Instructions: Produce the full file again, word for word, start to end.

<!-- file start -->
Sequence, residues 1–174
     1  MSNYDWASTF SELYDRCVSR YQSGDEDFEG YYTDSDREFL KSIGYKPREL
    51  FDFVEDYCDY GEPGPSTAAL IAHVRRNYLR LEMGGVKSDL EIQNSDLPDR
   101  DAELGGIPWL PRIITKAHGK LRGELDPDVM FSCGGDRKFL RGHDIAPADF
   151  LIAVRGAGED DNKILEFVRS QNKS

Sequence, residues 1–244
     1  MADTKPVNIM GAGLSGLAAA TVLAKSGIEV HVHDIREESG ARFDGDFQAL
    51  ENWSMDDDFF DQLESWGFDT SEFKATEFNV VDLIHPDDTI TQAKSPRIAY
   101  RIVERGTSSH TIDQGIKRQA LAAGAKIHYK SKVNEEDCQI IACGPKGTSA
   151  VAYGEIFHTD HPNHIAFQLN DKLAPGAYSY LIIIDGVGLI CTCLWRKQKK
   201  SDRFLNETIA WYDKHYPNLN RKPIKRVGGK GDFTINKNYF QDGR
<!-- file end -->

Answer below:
Sequence, residues 1–174
     1  MSNYDWASTF SELYDRCVSR YQSGDEDFEG YYTDSDREFL KSIGYKPREL
    51  FDFVEDYCDY GEPGPSTAAL IAHVRRNYLR LEMGGVKSDL EIQNSDLPDR
   101  DAELGGIPWL PRIITKAHGK LRGELDPDVM FSCGGDRKFL RGHDIAPADF
   151  LIAVRGAGED DNKILEFVRS QNKS

Sequence, residues 1–244
     1  MADTKPVNIM GAGLSGLAAA TVLAKSGIEV HVHDIREESG ARFDGDFQAL
    51  ENWSMDDDFF DQLESWGFDT SEFKATEFNV VDLIHPDDTI TQAKSPRIAY
   101  RIVERGTSSH TIDQGIKRQA LAAGAKIHYK SKVNEEDCQI IACGPKGTSA
   151  VAYGEIFHTD HPNHIAFQLN DKLAPGAYSY LIIIDGVGLI CTCLWRKQKK
   201  SDRFLNETIA WYDKHYPNLN RKPIKRVGGK GDFTINKNYF QDGR